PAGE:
Being a good girl has not prevented complications in her life. Surrounded by rock 'n' roll enthusiasts -- her parents are ex-rockers, her boyfriend is in a band on the rise -- she has felt constantly out of sync. But unlike most teen characters, she is free of anger; she even has a fantasy about visiting the other driver in the accident, who suffered only superficial wounds, to relieve him of the guilt of wiping out an entire family in a tragic moment behind the wheel. It takes a good girl, and a strong one, to turn the despair of this beautiful novel into the discovery that, orphaned or not, every child goes on into adult life alone and has to find the strength to leave family behind.
Catherine Hardwicke, director of the fierce girl-gone-wrong film "Thirteen," as well as the film made from Meyer's "Twilight," is set to direct the adaptation of "If I Stay." This fact gave the movie industry press a field day, since Hardwicke was unceremoniously booted from the second installment of "Twilight" by the same studio that has hired her to make "If I Stay." (Hardwicke, by the way, is becoming quite the leading director of young-adult literary material; she's also set to direct "Maximum Ride," a science fiction fantasy based on the popular series by James Patterson.)
Like Mia in "If I Stay," Julia Gillian is well-balanced, thoughtful . . . a good girl, and still a gripping character. (Interestingly, both girls are prevented from being too good by being less-than-stellar students; they are good girls, not perfect girls.) The first book of this series for middle readers (ages 8-12), "Julia Gillian (and the Art of Knowing)," took place largely in Julia's head while she walked her dog in the 10-block perimeter that she was newly allowed to explore on her own. A set of innocent misunderstandings, lies and cover-ups set in motion the action of the new forthcoming book, "Julia Gillian (and the Quest for Joy)" (Scholastic: $16.99, ages 8-12, illustrated by Drazen Kozjan).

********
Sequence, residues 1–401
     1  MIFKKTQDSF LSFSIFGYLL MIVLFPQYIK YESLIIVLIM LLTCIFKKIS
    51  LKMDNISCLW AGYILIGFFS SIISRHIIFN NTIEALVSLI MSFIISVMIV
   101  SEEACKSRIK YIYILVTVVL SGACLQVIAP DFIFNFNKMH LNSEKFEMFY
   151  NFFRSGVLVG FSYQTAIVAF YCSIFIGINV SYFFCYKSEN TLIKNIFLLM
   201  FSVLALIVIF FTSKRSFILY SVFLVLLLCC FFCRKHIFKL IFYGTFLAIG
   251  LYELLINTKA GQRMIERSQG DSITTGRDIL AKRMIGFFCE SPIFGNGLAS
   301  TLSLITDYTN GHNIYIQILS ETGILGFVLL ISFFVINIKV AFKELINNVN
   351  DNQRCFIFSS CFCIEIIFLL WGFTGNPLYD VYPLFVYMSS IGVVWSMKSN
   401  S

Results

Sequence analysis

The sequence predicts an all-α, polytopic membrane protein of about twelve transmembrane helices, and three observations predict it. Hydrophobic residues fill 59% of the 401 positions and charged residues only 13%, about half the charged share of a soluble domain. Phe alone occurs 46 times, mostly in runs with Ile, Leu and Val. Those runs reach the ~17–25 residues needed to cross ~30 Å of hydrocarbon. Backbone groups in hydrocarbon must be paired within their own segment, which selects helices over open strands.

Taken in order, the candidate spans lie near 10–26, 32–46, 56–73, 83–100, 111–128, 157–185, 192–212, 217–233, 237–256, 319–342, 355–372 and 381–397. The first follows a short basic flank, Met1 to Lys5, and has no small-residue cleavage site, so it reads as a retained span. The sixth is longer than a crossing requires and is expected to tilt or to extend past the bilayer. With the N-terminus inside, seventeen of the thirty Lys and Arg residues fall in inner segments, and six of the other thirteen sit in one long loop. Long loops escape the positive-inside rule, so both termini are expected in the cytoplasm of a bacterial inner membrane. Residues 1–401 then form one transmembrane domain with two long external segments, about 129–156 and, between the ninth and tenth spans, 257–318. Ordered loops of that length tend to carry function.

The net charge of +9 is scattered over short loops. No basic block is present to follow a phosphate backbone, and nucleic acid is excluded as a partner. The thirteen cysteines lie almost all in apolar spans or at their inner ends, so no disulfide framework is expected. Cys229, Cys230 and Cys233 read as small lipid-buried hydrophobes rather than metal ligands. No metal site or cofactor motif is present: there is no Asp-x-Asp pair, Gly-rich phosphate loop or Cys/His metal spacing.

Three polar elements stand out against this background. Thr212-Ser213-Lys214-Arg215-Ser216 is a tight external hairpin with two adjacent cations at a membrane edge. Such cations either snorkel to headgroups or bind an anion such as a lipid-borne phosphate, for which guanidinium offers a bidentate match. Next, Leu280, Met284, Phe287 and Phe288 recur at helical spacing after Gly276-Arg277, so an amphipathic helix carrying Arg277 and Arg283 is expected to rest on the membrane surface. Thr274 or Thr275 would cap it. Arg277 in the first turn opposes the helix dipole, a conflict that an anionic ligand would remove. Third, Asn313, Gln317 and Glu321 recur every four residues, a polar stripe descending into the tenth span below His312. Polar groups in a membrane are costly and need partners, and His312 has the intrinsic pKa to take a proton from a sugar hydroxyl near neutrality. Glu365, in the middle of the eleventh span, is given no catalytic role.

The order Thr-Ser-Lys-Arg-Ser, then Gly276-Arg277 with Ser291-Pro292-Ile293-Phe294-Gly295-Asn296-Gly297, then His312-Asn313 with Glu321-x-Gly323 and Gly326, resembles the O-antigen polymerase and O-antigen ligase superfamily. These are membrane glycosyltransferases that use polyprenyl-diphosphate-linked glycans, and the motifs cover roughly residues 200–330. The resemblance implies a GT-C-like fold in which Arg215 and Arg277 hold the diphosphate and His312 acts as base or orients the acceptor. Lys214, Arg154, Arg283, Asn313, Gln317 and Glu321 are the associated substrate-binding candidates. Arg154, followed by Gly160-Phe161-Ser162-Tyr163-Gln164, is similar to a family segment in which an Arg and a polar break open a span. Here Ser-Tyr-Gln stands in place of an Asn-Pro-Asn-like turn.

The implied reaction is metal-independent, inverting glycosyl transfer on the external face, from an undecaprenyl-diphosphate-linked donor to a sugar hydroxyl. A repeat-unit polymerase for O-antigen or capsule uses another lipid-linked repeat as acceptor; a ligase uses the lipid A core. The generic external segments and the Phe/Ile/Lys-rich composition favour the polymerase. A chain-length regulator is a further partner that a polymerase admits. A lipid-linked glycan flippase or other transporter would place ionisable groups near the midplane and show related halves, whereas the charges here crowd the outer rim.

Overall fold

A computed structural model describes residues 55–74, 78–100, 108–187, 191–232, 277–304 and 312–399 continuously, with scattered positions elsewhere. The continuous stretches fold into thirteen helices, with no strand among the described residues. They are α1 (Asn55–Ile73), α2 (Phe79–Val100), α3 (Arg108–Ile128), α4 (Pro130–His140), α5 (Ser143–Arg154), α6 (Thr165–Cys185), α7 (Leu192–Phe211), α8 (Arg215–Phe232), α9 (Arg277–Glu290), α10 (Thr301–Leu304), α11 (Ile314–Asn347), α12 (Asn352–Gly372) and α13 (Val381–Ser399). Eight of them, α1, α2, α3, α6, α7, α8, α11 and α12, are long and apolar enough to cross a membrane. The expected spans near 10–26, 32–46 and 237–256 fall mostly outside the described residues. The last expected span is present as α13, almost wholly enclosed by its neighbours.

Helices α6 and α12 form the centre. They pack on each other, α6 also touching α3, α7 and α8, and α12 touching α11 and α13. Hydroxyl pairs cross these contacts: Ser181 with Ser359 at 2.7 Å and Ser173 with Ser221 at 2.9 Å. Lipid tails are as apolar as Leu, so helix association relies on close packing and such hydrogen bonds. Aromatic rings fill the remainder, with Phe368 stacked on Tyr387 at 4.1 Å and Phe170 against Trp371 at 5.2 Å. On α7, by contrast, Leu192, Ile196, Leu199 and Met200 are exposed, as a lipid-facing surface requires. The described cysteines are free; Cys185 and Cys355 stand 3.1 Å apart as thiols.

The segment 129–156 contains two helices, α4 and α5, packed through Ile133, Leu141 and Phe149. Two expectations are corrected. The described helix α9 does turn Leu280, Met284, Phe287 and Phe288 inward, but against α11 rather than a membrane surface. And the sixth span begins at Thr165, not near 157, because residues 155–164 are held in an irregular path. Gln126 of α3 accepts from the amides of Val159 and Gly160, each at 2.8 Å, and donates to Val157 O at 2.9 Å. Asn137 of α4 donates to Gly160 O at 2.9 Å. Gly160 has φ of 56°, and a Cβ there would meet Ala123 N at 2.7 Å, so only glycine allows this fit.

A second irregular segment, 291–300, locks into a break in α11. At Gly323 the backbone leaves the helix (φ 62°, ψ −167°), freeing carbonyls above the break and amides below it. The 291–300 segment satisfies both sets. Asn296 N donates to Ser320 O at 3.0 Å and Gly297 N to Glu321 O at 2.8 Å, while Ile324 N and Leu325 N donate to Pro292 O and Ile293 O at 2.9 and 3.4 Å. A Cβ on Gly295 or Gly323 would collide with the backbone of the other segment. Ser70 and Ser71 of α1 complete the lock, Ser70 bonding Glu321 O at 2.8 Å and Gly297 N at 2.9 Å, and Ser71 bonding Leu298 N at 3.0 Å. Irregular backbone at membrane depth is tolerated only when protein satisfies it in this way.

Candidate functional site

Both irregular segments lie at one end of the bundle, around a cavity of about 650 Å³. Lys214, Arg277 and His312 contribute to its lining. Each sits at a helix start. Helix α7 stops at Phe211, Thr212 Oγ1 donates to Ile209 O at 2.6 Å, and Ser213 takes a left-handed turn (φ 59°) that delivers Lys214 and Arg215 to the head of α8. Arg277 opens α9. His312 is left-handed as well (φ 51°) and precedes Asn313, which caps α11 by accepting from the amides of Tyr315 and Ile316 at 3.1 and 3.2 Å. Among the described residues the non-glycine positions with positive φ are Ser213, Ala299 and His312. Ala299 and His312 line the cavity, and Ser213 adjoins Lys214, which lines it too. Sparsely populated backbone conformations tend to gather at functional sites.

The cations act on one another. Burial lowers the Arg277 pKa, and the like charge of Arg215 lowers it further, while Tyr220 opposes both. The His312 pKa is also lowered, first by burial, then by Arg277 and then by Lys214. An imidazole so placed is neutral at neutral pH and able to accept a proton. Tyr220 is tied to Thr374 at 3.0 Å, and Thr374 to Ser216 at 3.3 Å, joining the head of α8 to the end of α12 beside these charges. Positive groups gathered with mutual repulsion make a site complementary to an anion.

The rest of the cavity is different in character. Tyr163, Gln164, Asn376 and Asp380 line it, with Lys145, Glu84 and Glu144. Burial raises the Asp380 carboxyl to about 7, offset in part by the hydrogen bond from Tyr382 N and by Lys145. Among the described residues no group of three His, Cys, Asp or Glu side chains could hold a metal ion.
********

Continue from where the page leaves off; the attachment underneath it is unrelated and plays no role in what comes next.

Life in the fifth grade is much more complicated than it used to be. All the rules seem to be changing, and Julia Gillian is a great respecter of rules. Julia's best friend, Bonwit Keller, suddenly starts making his own lunches rather than bringing lunches lovingly decorated by his artist mother. (Bonwit Keller is not the only humorously named character in this novel; there is also Vince Wintz.) Julia pretends to agree with Bonwit that, indeed, it is babyish to have parents make a fifth-grader's lunch. But this marks the beginning of an unhappy period; all the things that Julia has felt sure of seem to be slipping away. She liked having her parents hide encouraging notes in her lunches; she liked the anticipation of fifth-grade trumpet lessons more than the reality of having to force sound out of an unresponsive piece of metal.